Yes, you can learn how to provide initial help to someone experiencing symptoms of a mental illness crisis. One out of five people are suffering from mental illness… a lot of times alone. Don’t let your loved one suffer in silence. And, break the phrase, “what goes on in this house, stays in this house,” when it comes to someone you love battling mental illness.
You could save a life. Listen to my conversation with Andrea Smith and Sandrew King, Sr. from the Detroit Wayne Mental Health Authority and the Motor City Youth Federation on FREE classes that will help you, help others:
I’ve been trying to put into words how I feel about the death of actor Robin Williams but honestly the only thing I could come up with is, “depression is no joke.”
I’ve seen the hallow eyes of depression. The struggle to keep it all together. The eggshells cracking beneath the feet of careful walking. It’s real and we need to stop covering it up and address ways to help those struggling with all forms of mental illness.
What can we do for a person mentally ill?
Pray for them. Many have lost hope and are not in the position to pray their way out. That’s where the warriors need to stand in the gap.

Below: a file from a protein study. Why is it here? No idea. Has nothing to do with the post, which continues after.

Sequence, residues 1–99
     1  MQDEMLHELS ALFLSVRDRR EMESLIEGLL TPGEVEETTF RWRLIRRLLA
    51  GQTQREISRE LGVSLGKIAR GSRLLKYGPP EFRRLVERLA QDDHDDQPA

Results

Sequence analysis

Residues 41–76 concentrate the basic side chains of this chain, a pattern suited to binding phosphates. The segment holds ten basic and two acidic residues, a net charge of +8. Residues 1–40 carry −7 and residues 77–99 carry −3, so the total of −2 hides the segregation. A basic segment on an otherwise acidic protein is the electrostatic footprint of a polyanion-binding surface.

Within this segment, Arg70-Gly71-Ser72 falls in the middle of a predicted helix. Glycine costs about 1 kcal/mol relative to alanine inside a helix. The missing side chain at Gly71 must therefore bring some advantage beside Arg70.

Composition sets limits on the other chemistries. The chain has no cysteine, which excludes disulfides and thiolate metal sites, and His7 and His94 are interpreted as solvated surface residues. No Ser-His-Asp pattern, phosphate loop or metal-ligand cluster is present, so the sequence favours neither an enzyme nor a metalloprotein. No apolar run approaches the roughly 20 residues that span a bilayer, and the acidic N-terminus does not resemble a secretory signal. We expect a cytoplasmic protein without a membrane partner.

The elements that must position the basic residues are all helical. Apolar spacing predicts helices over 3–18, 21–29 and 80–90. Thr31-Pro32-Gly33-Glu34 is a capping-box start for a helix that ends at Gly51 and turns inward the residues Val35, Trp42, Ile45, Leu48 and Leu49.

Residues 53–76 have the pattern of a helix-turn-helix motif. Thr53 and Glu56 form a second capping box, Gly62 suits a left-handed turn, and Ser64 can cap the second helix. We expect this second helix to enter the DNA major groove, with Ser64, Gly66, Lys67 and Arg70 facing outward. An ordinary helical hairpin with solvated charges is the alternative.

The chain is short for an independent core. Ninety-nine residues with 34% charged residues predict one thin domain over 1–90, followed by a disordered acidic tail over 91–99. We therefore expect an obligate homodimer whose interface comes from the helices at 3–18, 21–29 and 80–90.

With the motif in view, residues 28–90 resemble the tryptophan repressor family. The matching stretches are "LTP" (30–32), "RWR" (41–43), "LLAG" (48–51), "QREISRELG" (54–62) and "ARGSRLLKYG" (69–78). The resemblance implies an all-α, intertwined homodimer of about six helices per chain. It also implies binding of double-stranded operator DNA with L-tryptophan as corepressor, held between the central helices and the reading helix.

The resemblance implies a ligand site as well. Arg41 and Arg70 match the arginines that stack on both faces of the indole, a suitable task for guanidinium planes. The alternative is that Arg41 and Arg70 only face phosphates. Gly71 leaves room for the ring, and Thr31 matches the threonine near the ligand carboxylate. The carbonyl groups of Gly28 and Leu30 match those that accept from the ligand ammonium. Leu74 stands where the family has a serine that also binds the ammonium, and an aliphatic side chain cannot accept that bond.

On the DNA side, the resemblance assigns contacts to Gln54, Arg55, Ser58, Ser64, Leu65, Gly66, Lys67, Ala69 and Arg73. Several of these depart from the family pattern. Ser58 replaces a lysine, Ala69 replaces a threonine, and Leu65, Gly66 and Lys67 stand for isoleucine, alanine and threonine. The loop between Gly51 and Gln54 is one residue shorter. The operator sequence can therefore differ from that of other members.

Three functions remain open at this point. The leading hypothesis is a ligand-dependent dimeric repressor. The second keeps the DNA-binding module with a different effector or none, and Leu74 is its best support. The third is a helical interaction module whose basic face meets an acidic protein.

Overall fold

Allow them to talk. Ask if they want you to just listen or if they are seeking advice. There’s nothing worse than unsolicited advice when you don’t feel well.
Love them. The feeling that no one cares, or understands is overwhelming.
Sometimes it’s extremely hard to discern whether you’re being manipulated, so it’s wise to avoid using words and statements that can be turned against you like, “you always do that! or, you need to snap out of it!” Also, be sure to set boundaries between you and the person battling depression or you can find your way down a very slippery slope.
There was a season where I was walking in the middle of the night with my son either outside if it was warm enough, or in 24-hour stores. He couldn’t sleep and I was afraid to allow him to walk alone because of his depression. The more I did that, the more fatigued I became. To the point where I became depressed as well from worry, lack of sleep and endlessly trying to “fix” him. I had to learn (it’s still a work in progress) to work on fixing me instead. The weight of his struggles and mine combined was too much to bear without help. So I got help… For me.
Please don’t ridicule a person who is mentally ill. Don’t put them down if they need to take medication or even the need for therapy. I can’t tell you how many people I wanted to flatten for telling me or my son to “increase your faith or you’ll get over it.”